New York State Distribution

In New York this species is known only from the Lake Champlain valley and shores in Essex and Clinton Counties.

Global Distribution

Veiny Meadow-rue is found throughout most of Canada, and in the northern U.S. states from the Pacific Northwest, south along the Rocky Mountains, and east along the northern tier of states to New York, Vermont, and Maine.

Identification Comments

General Description

Veiny Meadow-rue is a perennial herbaceous species which grows from rhizomes, up to 1 m tall. The leaves are alternate, and twice-divided, and the lobes of the leaflets are deeply cut, with distinct veins, and are at least sparsely glandular on the underside. The lower leaves have petioles, but the one directly below the infloresence is sessile or has only a short (less than 3 cm) petiole. The sepals are inconspicuous, the yellowish-greenish or pinkish flowers instead dominated by the many elongated stamens. The fruit are inward-curving achenes.

Best Life Stage for Proper Identification

Veiny Meadow-rue is best identified when in flower or fruit.

Similar Species

Thalictrum dioicum is similar to Thalictrum venulosum var. confine, but differs by flowering in May (Thalictrum venosum var. confine flowers in June or July), by having its infloresence subtended by a long-petioled leaf, and by its straight achenes.

Best Time to See

Veiny Meadow-rue flowers in June and July, and the fruits may persist through September.

  • Vegetative
  • Flowering
  • Fruiting

The time of year you would expect to find Veiny Meadow-rue vegetative, flowering, and fruiting in New York.

Veiny Meadow-rue Images


Veiny Meadow-rue
Thalictrum venulosum var. confine (Fern.) Boivin

  • Kingdom Plantae
    • Phylum Anthophyta
      • Class Dicotyledoneae (Dicots)
        • Order Ranunculales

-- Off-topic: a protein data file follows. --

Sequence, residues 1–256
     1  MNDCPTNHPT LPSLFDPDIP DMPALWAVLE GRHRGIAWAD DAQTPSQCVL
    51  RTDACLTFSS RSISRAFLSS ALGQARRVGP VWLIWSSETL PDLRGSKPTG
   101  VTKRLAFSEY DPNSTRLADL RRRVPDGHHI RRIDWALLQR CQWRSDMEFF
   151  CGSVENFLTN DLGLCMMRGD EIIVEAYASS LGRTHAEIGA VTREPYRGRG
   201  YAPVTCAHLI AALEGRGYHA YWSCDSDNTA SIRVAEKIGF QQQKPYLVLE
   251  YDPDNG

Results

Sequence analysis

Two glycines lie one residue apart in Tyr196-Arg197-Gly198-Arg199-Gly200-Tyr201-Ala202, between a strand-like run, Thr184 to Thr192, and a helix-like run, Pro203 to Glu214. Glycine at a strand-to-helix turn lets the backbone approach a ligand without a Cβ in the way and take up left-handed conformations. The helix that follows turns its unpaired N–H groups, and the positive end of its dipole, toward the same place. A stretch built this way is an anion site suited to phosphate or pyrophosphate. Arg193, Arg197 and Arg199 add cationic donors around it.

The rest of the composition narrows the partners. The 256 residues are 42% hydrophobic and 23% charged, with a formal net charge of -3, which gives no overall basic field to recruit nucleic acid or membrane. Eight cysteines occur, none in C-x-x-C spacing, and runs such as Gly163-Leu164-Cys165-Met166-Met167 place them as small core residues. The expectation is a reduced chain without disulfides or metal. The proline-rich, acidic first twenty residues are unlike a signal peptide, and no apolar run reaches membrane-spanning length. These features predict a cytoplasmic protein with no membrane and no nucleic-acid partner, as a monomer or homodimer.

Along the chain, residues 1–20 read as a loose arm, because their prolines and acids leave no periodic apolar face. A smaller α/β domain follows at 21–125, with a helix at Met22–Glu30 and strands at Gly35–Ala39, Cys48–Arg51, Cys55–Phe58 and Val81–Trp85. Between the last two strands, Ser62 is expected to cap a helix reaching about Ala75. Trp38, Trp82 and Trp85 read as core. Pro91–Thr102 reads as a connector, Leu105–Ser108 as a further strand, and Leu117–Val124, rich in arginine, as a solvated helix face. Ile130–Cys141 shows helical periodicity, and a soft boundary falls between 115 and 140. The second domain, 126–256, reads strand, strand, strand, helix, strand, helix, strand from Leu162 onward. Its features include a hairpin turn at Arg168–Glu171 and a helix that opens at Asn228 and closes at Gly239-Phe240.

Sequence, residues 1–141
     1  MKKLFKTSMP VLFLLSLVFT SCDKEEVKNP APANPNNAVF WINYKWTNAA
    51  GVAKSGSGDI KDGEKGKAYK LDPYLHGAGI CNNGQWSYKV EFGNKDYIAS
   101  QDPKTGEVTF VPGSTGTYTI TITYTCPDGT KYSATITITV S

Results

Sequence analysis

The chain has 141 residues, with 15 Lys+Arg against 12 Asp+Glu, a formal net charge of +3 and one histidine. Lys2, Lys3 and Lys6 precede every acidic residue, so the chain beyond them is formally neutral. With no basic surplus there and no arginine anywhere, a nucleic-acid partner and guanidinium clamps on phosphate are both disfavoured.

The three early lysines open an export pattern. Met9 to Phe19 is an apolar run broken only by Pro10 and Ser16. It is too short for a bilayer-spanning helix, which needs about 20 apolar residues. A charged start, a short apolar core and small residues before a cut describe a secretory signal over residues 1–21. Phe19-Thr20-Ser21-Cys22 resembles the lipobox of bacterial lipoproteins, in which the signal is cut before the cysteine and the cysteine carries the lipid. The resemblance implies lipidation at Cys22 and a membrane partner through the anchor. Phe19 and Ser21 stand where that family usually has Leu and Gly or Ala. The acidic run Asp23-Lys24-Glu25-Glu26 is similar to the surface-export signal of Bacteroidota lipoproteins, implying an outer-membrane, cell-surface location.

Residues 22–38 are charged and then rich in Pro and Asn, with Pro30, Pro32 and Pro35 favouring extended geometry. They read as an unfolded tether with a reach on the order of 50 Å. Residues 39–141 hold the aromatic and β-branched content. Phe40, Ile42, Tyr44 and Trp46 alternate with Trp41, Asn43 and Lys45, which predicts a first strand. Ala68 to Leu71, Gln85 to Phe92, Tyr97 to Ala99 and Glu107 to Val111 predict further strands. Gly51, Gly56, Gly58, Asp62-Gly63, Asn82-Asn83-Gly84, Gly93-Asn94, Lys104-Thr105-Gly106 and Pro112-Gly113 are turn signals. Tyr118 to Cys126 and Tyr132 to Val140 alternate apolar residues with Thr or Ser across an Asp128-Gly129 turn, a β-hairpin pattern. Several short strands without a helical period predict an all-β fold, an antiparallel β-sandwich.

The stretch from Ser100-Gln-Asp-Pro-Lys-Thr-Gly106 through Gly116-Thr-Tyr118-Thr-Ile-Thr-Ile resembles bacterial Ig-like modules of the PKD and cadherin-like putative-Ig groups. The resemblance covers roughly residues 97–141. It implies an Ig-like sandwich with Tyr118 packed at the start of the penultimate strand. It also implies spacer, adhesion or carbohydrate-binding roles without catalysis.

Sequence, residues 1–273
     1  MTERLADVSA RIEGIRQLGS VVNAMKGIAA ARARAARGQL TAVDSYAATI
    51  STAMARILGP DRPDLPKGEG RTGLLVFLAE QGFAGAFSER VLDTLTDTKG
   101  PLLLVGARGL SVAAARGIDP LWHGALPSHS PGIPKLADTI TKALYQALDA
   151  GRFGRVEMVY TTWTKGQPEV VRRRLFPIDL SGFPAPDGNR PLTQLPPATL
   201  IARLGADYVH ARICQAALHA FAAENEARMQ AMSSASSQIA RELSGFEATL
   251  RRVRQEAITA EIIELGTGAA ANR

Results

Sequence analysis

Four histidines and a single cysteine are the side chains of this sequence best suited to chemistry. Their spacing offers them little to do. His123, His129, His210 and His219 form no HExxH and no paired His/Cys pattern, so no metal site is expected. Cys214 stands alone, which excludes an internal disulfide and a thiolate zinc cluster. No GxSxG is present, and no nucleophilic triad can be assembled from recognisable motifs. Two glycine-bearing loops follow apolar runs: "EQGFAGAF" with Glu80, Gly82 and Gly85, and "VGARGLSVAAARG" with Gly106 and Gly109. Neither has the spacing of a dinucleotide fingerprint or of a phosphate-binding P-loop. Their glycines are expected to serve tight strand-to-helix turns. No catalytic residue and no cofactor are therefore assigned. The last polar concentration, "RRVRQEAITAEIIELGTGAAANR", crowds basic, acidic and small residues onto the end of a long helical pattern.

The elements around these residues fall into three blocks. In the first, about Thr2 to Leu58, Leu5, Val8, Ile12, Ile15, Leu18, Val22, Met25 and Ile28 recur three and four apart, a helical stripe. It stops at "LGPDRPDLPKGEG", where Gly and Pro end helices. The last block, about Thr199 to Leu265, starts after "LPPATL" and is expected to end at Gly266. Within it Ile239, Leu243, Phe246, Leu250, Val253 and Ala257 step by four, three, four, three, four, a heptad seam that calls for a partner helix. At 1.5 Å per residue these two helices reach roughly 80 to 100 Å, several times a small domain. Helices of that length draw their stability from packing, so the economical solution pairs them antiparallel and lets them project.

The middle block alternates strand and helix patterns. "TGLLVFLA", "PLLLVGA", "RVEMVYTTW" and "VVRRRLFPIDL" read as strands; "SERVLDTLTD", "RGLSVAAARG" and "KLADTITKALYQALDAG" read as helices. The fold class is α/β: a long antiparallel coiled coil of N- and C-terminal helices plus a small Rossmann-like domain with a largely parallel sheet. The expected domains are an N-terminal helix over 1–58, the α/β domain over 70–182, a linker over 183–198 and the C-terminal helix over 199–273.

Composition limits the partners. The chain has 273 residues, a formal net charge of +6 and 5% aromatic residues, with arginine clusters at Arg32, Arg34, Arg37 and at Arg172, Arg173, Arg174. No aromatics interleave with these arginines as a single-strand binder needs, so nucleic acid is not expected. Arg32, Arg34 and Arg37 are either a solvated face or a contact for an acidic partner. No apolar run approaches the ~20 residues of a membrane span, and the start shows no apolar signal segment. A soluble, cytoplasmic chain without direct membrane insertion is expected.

• Family Ranunculaceae (Buttercup Family)

Additional Common Names

  • Late Meadow-rue


  • Thalictrum confine Fern.

Comments on the Classification

Flora of North America recognizes Thalictrum venulosum and T. confine as separate species. These two species, along with T. occidentale, are very similar and the NY Flora Atlas treats them as varieties. More research may support recognition as a full species or lumping of all related taxa under T. venulosum.

Additional Resources


Edinger, Gregory J., D.J. Evans, Shane Gebauer, Timothy G. Howard, David M. Hunt, and Adele M. Olivero (editors). 2002. Ecological Communities of New York State. Second Edition. A revised and expanded edition of Carol Reschke's Ecological Communities of New York State. (Draft for review). New York Natural Heritage Program, New York State Department of Environmental Conservation. Albany, NY. 136 pp.

Fernald, M.L. 1950. Gray's manual of botany. 8th edition. D. Van Nostrand, New York. 1632 pp.

Gleason, Henry A. and A. Cronquist. 1991. Manual of Vascular Plants of Northeastern United States and Adjacent Canada. The New York Botanical Garden, Bronx, New York. 910 pp.

Haines, A. and T.F. Vining. 1998. Flora of Maine, A Manual for Identification of Native and Naturalized Vascular Plants of Maine. V.F.Thomas Co., Bar Harbor, Maine.

Holmgren, Noel. 1998. The Illustrated Companion to Gleason and Cronquist's Manual. Illustrations of the Vascular Plants of Northeastern United States and Adjacent Canada. The New York Botanical Garden, Bronx, New York.

Kartesz, J.T. 1994. A synonymized checklist of the vascular flora of the United States, Canada, and Greenland. 2nd edition. 2 vols. Timber Press, Portland, OR.

New York Natural Heritage Program. 2010. Biotics database. New York Natural Heritage Program. New York State Department of Environmental Conservation. Albany, NY.

New York Natural Heritage Program. 2024. New York Natural Heritage Program Databases. Albany, NY.

Voss, E.G. 1985. Michigan Flora. Part II. Dicots (Saururaceae - Cornaceae). Cranbrook Institute of Science and University of Michigan Herbarium. Ann Arbor, Michigan. 724 pp.

Weldy, T. and D. Werier. 2010. New York flora atlas. [S.M. Landry, K.N. Campbell, and L.D. Mabe (original application development), Florida Center for Community Design and Research University of South Florida]. New York Flora Association, Albany, New York

Weldy, Troy W. and David Werier. 2005. New York Flora Atlas. [S.M. Landry, K.N. Campbell, and L.D. Mabe (original application development), Florida Center for Community Design and Research. University of South Florida]. New York Flora Association, Albany, NY. Available on the web at (


About This Guide

Information for this guide was last updated on: May 22, 2008

Please cite this page as:
New York Natural Heritage Program. 2024. Online Conservation Guide for Thalictrum venulosum var. confine. Available from: Accessed June 23, 2024.